This is the Friday edition of Monday Morning Quarterback. And it’s definitely an enjoyable Friday morning with a Bears victory and the day off work.
What we witnessed yesterday may have been agitating at times, but the ultimate goal was fulfilled. It was an entertaining, playoff-like atmosphere and the Bears left the evening with a victory. Pressure suddenly shifts to the Vikings, who have a tough road game this week in Arizona. Sure, the Cardinals clinched the NFC West division, but they won’t be lying down. They will be playing for a first round bye, or, at the very least, the No. 3 seed. It should be a great game and I encourage everybody to watch it. I believe it’s the nationally-televised 3 p.m. game on FOX. And, just for kicks, I’ll be watching Green Bay at Jacksonville on the NFL Ticket at noon with the hopes the Packers can drop their fourth straight.
But, I’m digressing here.
I want to reiterate my point from last night’s postgame thoughts that, if not for Danieal Manning, the Bears may not have won this game. I’m a big proponent of the idea that something that happens early in the game has little to no effect on another thing that occurs later in the game. However, it can have immediate effects on subsequent events.
For example, if Manning doesn’t return that opening kickoff for a touchdown, it’s possible the Bears go 3-and-out and punt to the Saints, giving them good field position with a 0-0 score.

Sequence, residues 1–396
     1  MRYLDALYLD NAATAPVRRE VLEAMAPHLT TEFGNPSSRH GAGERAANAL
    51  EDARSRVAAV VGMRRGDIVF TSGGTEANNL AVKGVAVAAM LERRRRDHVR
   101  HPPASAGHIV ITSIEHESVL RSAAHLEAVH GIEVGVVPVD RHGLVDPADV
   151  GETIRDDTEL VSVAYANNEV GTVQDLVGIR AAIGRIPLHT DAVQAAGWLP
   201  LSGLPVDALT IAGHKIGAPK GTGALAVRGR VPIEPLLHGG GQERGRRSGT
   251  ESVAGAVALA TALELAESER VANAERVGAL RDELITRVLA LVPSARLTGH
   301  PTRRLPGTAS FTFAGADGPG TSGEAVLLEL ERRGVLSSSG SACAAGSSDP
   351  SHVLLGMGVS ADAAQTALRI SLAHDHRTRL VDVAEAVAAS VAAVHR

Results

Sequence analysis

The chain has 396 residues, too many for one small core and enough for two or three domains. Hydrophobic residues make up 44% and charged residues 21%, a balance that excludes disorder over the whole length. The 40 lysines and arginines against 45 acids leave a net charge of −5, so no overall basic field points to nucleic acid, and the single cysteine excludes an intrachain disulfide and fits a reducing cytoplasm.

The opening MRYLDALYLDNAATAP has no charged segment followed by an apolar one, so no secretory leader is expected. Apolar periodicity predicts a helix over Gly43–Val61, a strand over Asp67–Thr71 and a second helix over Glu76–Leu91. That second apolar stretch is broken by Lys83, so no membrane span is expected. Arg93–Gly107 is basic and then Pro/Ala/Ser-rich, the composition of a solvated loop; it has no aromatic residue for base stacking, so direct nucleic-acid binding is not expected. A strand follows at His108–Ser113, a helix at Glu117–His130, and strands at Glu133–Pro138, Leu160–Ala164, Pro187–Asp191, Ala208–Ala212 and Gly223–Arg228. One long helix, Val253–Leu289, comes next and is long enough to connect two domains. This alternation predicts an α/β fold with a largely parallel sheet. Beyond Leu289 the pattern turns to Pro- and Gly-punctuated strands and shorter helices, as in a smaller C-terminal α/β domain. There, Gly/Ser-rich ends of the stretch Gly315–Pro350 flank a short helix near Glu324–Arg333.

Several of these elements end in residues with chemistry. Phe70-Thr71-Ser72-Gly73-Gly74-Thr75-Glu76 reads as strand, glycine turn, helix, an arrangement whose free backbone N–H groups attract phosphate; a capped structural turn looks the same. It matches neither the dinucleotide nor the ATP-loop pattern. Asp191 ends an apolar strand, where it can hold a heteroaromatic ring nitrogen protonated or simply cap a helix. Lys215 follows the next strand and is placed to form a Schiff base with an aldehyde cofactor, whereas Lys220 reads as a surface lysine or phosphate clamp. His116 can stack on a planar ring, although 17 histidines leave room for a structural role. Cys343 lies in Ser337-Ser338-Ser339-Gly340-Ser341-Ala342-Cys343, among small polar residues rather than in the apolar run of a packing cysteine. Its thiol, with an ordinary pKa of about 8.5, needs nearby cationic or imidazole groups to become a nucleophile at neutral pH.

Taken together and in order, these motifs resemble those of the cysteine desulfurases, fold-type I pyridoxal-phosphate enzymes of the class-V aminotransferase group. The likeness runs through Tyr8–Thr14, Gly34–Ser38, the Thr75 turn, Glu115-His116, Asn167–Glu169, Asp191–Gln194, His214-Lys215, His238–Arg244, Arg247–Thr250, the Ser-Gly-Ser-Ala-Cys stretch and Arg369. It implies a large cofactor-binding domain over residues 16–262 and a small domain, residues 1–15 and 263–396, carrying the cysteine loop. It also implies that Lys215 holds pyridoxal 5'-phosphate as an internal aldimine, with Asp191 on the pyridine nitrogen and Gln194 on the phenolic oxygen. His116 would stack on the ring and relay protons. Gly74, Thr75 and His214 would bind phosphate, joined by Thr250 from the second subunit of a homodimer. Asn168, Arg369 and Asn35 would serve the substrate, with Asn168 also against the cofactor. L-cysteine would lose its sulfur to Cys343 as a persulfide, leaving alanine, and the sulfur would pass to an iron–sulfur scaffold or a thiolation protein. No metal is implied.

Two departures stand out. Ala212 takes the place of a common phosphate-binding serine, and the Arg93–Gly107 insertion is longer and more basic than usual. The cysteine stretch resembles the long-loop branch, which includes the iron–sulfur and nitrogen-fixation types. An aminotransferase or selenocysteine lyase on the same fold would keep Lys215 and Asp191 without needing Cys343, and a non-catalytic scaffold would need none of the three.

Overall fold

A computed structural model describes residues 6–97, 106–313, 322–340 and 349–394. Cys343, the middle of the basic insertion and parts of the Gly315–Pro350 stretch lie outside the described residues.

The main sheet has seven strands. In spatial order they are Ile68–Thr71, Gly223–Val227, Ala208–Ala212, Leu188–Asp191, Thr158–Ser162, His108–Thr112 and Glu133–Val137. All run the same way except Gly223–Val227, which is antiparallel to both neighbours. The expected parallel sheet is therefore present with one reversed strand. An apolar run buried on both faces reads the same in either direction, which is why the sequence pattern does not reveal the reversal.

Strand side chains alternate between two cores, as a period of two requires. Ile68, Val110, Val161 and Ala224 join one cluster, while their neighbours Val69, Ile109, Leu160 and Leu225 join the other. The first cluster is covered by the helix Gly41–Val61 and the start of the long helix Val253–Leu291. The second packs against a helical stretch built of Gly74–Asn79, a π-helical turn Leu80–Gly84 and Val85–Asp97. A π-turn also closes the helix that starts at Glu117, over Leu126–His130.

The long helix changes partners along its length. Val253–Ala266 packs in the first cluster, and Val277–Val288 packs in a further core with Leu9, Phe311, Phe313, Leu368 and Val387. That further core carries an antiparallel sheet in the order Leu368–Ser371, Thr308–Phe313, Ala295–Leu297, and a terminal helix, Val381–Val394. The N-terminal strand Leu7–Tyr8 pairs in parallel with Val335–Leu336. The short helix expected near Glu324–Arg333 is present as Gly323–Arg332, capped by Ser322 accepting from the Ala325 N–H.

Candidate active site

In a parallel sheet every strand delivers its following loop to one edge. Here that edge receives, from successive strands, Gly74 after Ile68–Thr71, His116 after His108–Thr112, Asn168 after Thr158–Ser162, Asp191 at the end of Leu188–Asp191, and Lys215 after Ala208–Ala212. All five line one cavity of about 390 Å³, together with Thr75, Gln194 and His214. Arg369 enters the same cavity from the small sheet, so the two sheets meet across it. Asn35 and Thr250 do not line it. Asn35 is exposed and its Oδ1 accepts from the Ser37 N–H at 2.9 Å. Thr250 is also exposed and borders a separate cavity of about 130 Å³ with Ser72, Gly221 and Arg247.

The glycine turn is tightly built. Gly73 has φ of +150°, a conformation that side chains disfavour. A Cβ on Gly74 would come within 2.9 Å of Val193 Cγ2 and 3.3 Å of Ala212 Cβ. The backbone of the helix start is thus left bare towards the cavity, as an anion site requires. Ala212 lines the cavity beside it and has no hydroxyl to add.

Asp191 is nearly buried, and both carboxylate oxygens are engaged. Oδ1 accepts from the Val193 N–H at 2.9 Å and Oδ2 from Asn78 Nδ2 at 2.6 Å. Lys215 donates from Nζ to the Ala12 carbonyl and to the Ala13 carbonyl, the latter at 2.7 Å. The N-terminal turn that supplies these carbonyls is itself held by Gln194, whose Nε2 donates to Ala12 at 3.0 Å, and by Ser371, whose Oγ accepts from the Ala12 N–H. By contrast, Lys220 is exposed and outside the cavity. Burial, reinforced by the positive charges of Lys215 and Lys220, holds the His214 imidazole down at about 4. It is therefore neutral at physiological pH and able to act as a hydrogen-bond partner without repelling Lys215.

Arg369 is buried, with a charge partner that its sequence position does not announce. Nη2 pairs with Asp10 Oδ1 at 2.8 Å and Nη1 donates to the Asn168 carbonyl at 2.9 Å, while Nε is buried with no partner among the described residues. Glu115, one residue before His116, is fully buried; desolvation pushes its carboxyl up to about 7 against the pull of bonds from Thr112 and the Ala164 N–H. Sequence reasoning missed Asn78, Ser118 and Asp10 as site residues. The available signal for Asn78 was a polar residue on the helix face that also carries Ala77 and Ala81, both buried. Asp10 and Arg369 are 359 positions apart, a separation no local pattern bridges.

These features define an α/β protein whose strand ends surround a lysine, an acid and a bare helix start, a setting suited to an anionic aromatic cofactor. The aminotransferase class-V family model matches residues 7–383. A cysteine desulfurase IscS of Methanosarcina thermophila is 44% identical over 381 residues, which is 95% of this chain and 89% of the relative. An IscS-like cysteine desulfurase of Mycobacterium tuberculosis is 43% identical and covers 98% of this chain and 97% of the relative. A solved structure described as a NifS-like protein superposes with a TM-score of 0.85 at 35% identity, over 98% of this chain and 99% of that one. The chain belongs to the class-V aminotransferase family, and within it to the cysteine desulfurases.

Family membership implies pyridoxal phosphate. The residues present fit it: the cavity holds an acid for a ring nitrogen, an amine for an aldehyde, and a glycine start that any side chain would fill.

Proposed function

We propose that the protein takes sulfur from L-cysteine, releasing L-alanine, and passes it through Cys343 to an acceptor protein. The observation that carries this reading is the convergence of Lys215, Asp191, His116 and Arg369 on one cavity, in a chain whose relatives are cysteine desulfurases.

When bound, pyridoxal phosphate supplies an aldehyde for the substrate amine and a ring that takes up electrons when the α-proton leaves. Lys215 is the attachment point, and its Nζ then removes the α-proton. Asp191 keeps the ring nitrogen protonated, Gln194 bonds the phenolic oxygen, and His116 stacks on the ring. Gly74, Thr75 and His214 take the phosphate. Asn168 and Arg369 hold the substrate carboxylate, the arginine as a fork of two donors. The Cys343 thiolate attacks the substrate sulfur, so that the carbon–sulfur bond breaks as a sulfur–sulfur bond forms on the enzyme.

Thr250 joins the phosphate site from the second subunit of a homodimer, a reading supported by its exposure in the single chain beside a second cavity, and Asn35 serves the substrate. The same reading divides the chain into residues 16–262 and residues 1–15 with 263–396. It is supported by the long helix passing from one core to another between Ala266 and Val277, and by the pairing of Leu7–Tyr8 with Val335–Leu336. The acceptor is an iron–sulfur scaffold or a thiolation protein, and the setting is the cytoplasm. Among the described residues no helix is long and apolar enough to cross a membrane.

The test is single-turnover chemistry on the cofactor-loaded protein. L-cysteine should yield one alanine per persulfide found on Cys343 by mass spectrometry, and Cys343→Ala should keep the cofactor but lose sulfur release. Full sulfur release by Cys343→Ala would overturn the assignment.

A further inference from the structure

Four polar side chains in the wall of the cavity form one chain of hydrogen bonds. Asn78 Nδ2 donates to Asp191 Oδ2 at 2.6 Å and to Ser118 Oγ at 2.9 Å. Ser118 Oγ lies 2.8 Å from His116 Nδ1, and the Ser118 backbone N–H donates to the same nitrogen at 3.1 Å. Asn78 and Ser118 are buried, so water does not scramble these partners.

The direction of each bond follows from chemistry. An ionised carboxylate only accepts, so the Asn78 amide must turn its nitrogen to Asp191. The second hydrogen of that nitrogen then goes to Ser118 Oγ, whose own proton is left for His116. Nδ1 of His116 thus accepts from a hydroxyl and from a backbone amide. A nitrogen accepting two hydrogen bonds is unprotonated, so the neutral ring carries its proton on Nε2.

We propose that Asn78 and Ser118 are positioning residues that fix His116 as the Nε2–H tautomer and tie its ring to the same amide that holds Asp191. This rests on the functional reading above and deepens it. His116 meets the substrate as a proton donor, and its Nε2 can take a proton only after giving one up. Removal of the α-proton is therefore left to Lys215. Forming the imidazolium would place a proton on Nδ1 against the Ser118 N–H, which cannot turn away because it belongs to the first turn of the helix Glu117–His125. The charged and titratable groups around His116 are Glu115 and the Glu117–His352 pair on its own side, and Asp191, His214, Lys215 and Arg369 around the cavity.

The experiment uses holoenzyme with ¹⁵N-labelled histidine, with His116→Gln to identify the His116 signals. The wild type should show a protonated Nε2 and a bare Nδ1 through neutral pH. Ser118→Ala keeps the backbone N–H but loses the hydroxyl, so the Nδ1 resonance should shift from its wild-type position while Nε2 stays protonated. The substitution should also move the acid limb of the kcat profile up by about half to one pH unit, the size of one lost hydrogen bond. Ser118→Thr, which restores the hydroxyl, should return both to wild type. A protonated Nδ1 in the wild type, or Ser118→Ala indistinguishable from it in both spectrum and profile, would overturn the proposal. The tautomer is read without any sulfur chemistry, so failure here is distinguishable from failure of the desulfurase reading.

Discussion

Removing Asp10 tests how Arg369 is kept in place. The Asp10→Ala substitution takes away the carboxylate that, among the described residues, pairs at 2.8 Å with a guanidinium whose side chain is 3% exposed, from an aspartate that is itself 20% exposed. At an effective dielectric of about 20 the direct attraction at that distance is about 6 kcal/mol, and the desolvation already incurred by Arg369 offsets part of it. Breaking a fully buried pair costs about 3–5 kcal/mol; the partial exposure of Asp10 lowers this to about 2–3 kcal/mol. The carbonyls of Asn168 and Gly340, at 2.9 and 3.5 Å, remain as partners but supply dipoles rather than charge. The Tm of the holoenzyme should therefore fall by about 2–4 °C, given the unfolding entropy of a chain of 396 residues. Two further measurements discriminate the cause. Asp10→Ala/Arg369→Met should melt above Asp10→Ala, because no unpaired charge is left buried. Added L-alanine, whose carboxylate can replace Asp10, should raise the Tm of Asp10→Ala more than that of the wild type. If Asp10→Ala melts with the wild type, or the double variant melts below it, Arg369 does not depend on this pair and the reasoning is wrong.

Or, on Manning’s next kickoff return, all the momentum was with the Saints, who had just tied the game at 7. Had Manning not returned the kickoff 52 yards into Saints territory, who knows if the Bears would have scored on that drive? And maybe, instead of taking a 21-7 lead into halftime, it would have been 14-14, or New Orleans might have had the lead.
Special teams played a big role in the Bears developing an early enough lead to eke out a victory.
While we all have our criticisms of the Bears’ defense, it did a great job of keeping the best offense in football in check for most of the game. We know by now that the pass defense is terrible and we fully expected Drew Brees to methodically work his way down field at some point in last night’s game. But in perspective, holding Brees to 55% passing with 232 yards, 2 touchdowns, and 2 interceptions was a solid effort. Although the Bears only had one sack — two, if you count the one that was erased by a penalty that had no effect on the play — the Bears did put pressure on Brees early and force him to move around and not get into a comfort zone. And that’s exactly what a pass rush has to do.
I gave you the good earlier about Manning, now here’s the bad: he is not good at almost everything on defense. When you play zone and don’t get pressure from your front four, any quarterback in the league can find the soft spots when given enough time. So, I’m not going to pin everything on Manning. But when the Bears have been in nickel coverage while Manning has been thrust into the nickel back role, the chances of him being beat are pretty good. I just don’t think he understands certain coverages, which makes it understandable that the coaching staff has made him a nomadic defensive back the past couple years.